After weeks of whispers about Joe Biden’s mental state and a constant cataloguing of his gaffes by the political press, one of his opponents in the Democratic nominating contest finally broached the issue, if somewhat obliquely, to the former vice-president’s face at Thursday night’s debate in Houston.
Julián Castro was the one to do it. The former HUD secretary, who served in the Obama administration with Biden, attempted to draw a distinction between his health-care plan and Biden’s, saying, “The difference between what I support and what you support, Vice-President Biden, is that you require them to opt in. And I would not require them to opt in. They would automatically be enrolled. That’s a big difference.”
Biden responded, saying, “They do not have to buy in.” That’s when Castro pounced.
“You just said that two minutes ago. You just said two minutes that they would have to buy in.”
“Are you forgetting what you said two minutes ago?” Castro asked, repeating the line several times with slight variations.
The implication was clear, but Castro was wrong. Two minutes prior, Biden said that under his health-care plan, “every single person who is diagnosed with cancer or any other disease can automatically become part of this plan.”
And about ten minutes prior to that, Biden said it more plainly: “Anyone who can’t afford it gets automatically enrolled in the Medicare-type option we have.”
Castro pushed back on Friday morning, pointing out that during his earlier exchange with Elizabeth Warren and Bernie Sanders, Biden said someone who has insurance through their employer, then loses their job “automatically can buy into this.”
But fact checkers found Castro was actually incorrect on the substance of the differences between his plan and Biden’s plan, and his implication that the former VP was forgetting the contents of his own plan. The Washington Post noted that Biden had already explained that under his plan anyone could choose to opt into Medicare, and anyone who could not afford it would be automatically enrolled:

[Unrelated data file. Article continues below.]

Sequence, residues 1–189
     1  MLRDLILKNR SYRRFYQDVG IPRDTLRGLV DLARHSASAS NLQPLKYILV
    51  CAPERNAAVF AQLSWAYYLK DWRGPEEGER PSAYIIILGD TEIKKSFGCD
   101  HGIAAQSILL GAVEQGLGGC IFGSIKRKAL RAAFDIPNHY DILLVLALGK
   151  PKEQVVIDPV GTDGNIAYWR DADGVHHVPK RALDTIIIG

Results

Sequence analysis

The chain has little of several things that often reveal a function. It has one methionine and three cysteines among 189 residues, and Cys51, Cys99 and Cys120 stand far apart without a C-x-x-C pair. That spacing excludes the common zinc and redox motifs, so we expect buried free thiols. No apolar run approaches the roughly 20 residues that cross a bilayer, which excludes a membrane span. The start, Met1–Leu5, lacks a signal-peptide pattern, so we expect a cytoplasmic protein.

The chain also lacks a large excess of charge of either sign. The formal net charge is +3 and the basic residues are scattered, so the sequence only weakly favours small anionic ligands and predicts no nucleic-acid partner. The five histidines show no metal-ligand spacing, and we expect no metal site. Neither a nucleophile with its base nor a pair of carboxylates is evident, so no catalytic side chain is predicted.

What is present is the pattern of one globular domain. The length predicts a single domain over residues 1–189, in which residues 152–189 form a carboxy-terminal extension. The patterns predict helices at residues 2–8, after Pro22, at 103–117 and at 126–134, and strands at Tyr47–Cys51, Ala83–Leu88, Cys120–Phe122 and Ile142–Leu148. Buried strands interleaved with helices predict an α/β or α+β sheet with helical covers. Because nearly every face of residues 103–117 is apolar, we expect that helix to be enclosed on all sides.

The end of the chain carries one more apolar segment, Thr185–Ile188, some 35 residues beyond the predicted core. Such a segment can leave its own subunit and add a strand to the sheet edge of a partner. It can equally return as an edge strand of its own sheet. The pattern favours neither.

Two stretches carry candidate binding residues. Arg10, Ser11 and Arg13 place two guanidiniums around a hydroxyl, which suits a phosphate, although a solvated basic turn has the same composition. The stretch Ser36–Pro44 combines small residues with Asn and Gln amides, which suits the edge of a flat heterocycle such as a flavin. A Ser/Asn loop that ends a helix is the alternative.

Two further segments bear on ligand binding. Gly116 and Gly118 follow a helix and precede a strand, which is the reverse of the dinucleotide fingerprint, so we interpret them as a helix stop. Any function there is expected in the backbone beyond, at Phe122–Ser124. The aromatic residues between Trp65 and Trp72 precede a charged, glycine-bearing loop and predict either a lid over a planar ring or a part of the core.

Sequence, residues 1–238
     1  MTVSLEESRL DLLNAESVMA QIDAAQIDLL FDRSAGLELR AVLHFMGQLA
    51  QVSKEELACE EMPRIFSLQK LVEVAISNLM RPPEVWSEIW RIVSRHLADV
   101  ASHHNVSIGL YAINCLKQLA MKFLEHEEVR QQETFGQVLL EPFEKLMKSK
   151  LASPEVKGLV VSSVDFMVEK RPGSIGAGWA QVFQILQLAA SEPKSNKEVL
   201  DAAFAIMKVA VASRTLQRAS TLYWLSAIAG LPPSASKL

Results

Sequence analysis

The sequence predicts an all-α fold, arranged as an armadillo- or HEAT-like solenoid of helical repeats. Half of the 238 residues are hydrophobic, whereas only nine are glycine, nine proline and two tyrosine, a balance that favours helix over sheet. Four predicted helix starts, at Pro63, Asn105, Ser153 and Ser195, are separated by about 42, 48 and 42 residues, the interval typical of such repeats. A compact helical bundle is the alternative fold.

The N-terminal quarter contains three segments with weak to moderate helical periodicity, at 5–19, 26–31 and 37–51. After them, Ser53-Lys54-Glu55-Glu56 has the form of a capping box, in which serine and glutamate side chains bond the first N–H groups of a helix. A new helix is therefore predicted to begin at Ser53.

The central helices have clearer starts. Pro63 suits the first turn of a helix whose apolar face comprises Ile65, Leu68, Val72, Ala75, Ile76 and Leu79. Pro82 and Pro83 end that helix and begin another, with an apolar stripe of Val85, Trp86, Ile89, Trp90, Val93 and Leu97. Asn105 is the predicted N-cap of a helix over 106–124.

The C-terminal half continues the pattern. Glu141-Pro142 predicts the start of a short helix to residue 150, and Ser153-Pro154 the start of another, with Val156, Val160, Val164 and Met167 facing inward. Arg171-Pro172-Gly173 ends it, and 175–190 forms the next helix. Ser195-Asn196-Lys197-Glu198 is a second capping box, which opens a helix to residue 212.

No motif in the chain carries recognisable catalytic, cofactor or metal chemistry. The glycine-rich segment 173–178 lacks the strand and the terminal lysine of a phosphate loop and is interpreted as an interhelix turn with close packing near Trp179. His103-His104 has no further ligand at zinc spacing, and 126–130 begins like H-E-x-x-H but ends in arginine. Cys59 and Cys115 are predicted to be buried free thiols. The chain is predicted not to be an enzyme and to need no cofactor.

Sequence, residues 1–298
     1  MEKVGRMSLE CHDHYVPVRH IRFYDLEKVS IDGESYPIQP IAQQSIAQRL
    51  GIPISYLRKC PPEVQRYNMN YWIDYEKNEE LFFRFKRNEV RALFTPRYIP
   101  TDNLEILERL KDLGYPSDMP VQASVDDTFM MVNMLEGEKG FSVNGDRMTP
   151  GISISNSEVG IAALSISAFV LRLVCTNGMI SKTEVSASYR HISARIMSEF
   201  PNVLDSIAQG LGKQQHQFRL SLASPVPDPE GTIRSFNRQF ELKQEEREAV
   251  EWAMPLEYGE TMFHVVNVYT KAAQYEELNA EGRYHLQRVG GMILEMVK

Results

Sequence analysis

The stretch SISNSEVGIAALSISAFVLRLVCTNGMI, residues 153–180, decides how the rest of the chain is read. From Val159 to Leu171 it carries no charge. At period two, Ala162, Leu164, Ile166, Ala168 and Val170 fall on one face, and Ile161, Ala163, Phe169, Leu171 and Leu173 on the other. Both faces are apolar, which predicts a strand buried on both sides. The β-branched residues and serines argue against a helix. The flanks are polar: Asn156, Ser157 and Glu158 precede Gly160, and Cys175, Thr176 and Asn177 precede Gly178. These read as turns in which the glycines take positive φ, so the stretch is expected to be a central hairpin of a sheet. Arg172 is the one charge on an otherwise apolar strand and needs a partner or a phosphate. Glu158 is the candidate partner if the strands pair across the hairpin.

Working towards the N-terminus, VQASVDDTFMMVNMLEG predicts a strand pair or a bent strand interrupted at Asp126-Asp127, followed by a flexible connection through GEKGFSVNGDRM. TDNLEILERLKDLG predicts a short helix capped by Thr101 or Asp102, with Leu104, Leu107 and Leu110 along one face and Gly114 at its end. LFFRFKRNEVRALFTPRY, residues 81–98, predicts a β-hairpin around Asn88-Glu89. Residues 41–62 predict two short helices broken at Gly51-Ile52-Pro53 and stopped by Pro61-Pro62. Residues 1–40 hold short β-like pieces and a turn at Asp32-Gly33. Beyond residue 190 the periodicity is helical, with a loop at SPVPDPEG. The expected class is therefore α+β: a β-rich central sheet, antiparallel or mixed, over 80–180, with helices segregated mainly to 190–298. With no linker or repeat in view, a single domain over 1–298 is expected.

There are people who automatically get enrolled in his plan. As Biden said, these people “do not have to buy in.” Castro might take issue with the fact some people do have to buy in. (Biden said earlier that if you lose your job and need new insurance, you could buy in to this.) But he was incorrect that Biden forgot something about his own plan. It was Castro who forgot what Biden said.
PolitiFact dug into the differences between Biden’s plan and Castro’s, concluding:
Castro’s plan is an opt-out plan while Biden’s is an opt-in plan, but the differences between those are much less than Castro suggests. Biden’s plan would guarantee Americans who are in need access to Medicare coverage, just like Castro’s would. The differences would likely amount to the nature or timing of paperwork, rather than being significant barriers to access.
Castro used this questionable distinction to charge that Biden had said opposing things within two minutes, but that’s an exaggeration at best.
The statement has an element of truth but ignores critical facts that would give a different impression, so we rate it Mostly False.
If Castro planned to go after Biden’s age, he probably would have been better off waiting for the former veep’s rambling answer to a question on race that somehow involved record players and Venezuela.
This post was update to include Castro’s response and further analysis of the exchange.